The Mini Review: 

Salvatore strikes again! I took a little break from this saga after The Ghost King (which ripped out my heart), but picking up Gauntlgrym after all that time felt like coming home.

Salvatore is known for his detailed hand-to-hand combat scenes, which pack a lot of excitement into his books. I have to say, after 20 or so novels of the same back-and-forth swordplay, I started to get a little… bored isn’t the right word, but let’s just say it lacks a bit of the thrill it once had for me. That said, I can’t imagine a Drizzt book without intricate fight scenes, so you really can’t win with me. ;P

Gauntlgrym’s storyline required an unusual passage of time compared to others in the series, which was a cool change of pace that kept me interested throughout. I also loved the mix of new and old characters – the elf woman (cover image), among my new favorites.

Overall, Gauntlgrym (I am proud to say that I can finally spell it without having to look it up– go me!) was a fun installment and excellent continuation of the series. Although it was nowhere near my favorite of the saga, I’m still excited to start Neverwinter sometime soon.

Other books you might like:

by Niki Hawkes


The Obelisk Gate by N.K. Jemison Image

Book Review: The Obelisk Gate by N. K. Jemisin

The Obelisk Gate by N.K. Jemison

Title: The Obelisk Gate

Author: N. K. Jemisin

Series: The Broken Earth #2

Genre: Fantasy

Rating: 4.5/5 stars

The Overview: The season of endings grows darker as civilization fades into the long cold night. Alabaster Tenring – madman, world-crusher, savior – has returned with a mission: to train his successor, Essun, and thus seal the fate of the Stillness forever. It continues with a lost daughter, found by the enemy. It continues with the obelisks, and an ancient mystery converging on answers at last. The Stillness is the wall which stands against the flow of tradition, the spark of hope long buried under the thickening ashfall. And it will not be broken. -Goodreads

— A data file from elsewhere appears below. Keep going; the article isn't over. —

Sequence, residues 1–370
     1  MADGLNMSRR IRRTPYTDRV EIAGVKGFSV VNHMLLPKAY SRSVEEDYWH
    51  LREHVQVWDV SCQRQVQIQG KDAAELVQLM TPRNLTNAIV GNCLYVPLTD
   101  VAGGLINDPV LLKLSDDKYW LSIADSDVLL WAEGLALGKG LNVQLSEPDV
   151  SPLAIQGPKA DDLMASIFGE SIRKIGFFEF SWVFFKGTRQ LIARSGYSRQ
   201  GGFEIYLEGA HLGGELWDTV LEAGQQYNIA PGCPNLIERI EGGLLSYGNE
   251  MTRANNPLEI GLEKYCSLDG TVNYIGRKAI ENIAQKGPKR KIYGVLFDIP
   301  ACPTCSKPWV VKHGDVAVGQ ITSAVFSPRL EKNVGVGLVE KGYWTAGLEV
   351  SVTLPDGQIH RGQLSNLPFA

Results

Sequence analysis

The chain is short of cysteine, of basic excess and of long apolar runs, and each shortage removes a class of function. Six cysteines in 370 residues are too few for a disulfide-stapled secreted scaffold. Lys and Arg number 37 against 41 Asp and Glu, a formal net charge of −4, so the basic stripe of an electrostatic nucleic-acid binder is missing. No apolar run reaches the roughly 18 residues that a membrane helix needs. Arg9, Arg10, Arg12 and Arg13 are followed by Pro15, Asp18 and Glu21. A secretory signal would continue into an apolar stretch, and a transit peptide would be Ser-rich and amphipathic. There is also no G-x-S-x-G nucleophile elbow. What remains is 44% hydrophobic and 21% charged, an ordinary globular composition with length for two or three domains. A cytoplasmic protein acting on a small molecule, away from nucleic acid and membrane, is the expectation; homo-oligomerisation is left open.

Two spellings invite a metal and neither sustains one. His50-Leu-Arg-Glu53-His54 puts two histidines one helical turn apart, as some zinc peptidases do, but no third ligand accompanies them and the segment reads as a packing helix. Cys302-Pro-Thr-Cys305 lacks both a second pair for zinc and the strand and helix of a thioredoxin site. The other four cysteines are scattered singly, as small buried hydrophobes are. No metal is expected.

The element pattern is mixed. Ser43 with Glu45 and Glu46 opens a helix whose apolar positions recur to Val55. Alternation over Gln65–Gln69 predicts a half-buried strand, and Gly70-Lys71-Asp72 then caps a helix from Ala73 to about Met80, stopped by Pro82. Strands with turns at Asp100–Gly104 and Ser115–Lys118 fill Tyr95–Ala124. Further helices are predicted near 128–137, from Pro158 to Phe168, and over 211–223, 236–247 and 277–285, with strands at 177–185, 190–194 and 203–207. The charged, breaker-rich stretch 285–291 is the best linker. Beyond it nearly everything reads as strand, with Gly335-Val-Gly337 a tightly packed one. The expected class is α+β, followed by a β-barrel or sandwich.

The Review:

The Broken Earth series is an experience. It’s so off the beaten path of typical fantasy novels that I feel like I’m getting a special treat every time I pick one up.

Jemisin gets major kudos for originality, creating one of the most unique stories I’ve ever read. Her world building and overall concept for the story was delivered with a shadowed, almost creepy atmosphere that will stick with you long after you put it down. The real brilliance lies in the writing. In the Fifth Season, Jemisin wove her story through three different perspectives, the most compelling of which was told in second person (which utilizes the “you” pronoun – “You walk to the edge of the cliff. You don’t much like heights.”) It’s a writing style you don’t see very often because it’s difficult to pull off. The Obelisk Gate was told with two POVs, the primay of which also utilizes second person. The way Jemisin wove all of those POVs into a braided plot was phenomenal.

Obelisk Gate was a strong sequel, keeping all of the amazing attributes from The Fifth Season (for the most part). There weren’t quite as many moving parts, as the story narrowed its focus, but it still had a cool atmosphere, interesting POV’s, and loads of great world building. And answers. A lot of mysteries were introduced in The Fifth Season without really being expanded on. Many events that happened started to make a lot more sense in hindsight after the revelations revealed in Obelisk Gate. What’s more, it set up new questions that promise an epic conclusion with The Stone Sky, currently slotted for release on August 15, 2017.